Upfront costs of contraception may be misleading. Birth control pills (OCPs)
range in cost from about $10 for generics to $45 for branded pills per
cycle, yet 5% of couples conceive while using them. More astounding are
the multitude of people who count on condoms for protection, which are
extremely cheap at less than one dollar per use, yet they are unaware
of a failure rate of approximately 15% per year. So what is the cost of
an unplanned pregnancy? The health care costs alone for delivery of an
infant exceed $10,000. Current estimate for raising a child from birth
to the age of 18 for a middle-class American family is approximately $170,000
(this does not include college or increasingly common behavior of “failure
to launch,” where children reside at home well into their 20’s).
So the true value proposition is more complex. Long-acting contraceptives
provide a lesson in cost-effective medicine. Upfront cost for an
intrauterine device (IUD) is approximately $800. However, Mirena® lasts up to five years, and
Paraguard® lasts up to 10 years; which are both less expensive than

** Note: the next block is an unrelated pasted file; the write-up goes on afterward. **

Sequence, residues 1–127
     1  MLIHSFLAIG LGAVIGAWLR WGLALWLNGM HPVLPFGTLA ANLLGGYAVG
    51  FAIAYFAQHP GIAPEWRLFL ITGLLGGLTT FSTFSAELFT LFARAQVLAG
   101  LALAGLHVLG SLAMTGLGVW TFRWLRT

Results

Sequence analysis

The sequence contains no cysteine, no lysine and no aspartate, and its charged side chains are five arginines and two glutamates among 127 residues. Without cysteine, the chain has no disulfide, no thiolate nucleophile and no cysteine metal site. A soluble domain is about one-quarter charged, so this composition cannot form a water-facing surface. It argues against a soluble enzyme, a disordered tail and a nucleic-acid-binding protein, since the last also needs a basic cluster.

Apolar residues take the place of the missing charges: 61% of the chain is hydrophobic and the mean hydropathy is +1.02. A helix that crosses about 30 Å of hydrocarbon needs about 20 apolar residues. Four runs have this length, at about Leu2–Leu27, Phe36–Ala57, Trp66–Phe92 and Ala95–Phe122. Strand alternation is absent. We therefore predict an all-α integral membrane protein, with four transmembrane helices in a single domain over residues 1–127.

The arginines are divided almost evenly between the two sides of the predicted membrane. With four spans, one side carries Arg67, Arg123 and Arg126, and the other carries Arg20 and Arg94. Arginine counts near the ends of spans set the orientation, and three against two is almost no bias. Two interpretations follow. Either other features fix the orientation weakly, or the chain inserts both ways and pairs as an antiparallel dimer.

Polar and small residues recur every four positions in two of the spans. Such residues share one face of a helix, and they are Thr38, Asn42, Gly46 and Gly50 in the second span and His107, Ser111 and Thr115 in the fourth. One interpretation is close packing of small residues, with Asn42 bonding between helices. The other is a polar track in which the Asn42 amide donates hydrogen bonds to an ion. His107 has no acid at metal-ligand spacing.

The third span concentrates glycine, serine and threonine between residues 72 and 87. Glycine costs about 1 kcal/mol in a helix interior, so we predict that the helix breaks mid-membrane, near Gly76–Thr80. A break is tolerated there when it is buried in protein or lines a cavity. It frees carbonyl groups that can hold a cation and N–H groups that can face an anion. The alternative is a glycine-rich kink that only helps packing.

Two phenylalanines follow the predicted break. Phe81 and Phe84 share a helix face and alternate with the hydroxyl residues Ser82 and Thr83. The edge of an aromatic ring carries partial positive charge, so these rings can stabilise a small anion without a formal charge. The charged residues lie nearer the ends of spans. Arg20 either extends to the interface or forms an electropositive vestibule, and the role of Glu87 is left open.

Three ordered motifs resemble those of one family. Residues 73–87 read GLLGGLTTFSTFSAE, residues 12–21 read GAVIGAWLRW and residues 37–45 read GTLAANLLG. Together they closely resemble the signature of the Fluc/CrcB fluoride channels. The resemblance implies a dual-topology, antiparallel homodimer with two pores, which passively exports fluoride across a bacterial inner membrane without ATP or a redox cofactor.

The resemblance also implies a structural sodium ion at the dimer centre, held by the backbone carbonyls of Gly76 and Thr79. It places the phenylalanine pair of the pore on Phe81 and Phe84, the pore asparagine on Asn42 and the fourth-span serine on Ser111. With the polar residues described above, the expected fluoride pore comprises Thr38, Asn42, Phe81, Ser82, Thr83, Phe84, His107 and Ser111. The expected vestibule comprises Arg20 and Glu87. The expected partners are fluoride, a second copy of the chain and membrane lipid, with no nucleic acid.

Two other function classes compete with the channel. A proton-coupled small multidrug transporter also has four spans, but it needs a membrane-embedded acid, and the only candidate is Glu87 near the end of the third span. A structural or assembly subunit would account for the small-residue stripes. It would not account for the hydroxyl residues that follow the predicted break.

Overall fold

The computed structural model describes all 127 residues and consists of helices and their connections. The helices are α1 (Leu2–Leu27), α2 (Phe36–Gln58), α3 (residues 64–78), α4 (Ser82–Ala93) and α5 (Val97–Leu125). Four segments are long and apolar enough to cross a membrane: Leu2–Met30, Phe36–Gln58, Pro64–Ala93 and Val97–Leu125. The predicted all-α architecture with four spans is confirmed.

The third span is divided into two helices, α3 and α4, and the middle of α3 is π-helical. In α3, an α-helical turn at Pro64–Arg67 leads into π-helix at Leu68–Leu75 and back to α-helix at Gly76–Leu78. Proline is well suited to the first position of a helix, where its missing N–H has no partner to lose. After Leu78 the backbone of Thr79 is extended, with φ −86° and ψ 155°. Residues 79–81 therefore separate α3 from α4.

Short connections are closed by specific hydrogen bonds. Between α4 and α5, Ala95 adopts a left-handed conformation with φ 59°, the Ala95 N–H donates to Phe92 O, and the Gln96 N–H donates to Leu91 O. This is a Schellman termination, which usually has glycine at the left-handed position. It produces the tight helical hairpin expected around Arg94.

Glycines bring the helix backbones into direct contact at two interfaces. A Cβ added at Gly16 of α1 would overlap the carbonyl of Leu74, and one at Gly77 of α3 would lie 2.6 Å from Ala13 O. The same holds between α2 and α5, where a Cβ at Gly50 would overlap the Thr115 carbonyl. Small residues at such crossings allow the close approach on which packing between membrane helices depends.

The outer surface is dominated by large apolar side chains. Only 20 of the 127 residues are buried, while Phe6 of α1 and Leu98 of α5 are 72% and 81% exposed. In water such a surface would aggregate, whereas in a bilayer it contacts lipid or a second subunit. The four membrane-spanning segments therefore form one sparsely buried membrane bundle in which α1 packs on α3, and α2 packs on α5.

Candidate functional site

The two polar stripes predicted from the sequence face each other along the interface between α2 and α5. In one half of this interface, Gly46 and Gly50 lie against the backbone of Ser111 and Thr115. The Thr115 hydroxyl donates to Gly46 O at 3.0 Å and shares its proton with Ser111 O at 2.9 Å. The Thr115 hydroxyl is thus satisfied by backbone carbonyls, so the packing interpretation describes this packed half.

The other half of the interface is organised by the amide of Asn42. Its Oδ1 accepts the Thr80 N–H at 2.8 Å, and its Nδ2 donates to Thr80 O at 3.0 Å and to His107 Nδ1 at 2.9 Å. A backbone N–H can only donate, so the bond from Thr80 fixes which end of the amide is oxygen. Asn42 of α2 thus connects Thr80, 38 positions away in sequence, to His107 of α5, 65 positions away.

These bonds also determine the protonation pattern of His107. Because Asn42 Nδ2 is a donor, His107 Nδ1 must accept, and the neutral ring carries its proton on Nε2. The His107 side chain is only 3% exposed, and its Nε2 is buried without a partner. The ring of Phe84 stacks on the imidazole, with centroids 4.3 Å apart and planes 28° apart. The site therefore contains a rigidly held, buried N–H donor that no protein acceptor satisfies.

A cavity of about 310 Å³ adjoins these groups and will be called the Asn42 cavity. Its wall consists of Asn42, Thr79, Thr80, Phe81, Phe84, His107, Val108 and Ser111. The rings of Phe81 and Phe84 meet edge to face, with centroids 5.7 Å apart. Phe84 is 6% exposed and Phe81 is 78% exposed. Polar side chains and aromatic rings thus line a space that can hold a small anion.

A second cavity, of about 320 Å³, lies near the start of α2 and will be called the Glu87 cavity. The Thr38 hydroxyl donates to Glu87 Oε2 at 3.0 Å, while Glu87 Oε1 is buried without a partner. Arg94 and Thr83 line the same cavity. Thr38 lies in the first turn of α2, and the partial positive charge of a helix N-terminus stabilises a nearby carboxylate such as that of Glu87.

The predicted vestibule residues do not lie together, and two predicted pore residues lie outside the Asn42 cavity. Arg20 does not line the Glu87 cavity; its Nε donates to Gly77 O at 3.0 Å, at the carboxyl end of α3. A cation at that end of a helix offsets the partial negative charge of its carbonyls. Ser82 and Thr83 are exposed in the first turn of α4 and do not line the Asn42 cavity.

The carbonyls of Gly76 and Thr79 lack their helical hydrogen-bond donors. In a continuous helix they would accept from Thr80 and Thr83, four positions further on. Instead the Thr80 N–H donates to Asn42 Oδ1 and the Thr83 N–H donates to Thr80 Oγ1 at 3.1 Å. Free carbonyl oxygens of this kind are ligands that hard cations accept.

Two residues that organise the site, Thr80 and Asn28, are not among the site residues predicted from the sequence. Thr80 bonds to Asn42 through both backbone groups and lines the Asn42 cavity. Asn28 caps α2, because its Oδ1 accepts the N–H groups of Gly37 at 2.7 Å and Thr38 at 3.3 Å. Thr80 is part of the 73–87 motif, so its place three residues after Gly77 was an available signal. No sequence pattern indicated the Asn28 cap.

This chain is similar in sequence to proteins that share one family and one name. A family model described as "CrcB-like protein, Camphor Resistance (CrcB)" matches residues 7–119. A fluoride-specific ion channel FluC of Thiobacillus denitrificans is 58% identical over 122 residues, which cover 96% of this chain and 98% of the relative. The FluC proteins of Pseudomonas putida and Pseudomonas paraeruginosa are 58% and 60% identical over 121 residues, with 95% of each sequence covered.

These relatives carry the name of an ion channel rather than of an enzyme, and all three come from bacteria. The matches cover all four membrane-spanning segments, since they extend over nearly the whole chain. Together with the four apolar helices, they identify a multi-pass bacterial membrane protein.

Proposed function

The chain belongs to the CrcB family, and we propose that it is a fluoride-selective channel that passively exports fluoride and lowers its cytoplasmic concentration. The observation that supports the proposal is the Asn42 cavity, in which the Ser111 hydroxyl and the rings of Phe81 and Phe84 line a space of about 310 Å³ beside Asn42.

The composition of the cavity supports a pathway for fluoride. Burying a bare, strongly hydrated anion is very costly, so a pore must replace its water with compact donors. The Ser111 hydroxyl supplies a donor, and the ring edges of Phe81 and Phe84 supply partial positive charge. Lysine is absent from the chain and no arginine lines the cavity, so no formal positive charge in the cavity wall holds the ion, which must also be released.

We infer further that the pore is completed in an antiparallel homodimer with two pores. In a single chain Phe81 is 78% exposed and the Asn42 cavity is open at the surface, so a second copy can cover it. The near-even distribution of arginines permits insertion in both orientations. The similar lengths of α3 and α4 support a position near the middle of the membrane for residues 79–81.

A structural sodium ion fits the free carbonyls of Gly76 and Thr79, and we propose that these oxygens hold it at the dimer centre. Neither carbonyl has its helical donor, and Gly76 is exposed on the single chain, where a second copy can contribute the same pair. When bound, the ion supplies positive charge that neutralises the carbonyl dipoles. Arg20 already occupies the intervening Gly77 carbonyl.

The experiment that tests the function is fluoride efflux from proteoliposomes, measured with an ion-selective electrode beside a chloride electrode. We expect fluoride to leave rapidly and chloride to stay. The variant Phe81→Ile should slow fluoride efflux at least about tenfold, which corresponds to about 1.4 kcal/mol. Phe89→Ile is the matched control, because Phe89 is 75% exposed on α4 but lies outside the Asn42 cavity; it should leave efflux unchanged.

many oral contraceptives over such a long period of time, and significantly
more effective failing approximately 1% per year. The manufacture of Mirena®
even offers a payment plan of $35 per month for two years (approximately
the cost of branded OCPs). IUDs are now FDA approved as reversible contraception
for women of all ages (no increased risk of infection or infertility).
Vasectomy is the least expensive form of permanent birth control. However
too often it is difficult to convince a man to proceed with this procedure,
so responsibility falls back upon the woman.
Despite beliefs to the contrary, all methods of
contraception are safer than pregnancy. In making your decision begin with real-world
effectiveness as you review all methods of birth control available. Then
consider possible side effects, convenience, and finally cumulative expense
over desired time of protection. In this way, you not only have freedom
of choice but also make a value-based informed decision.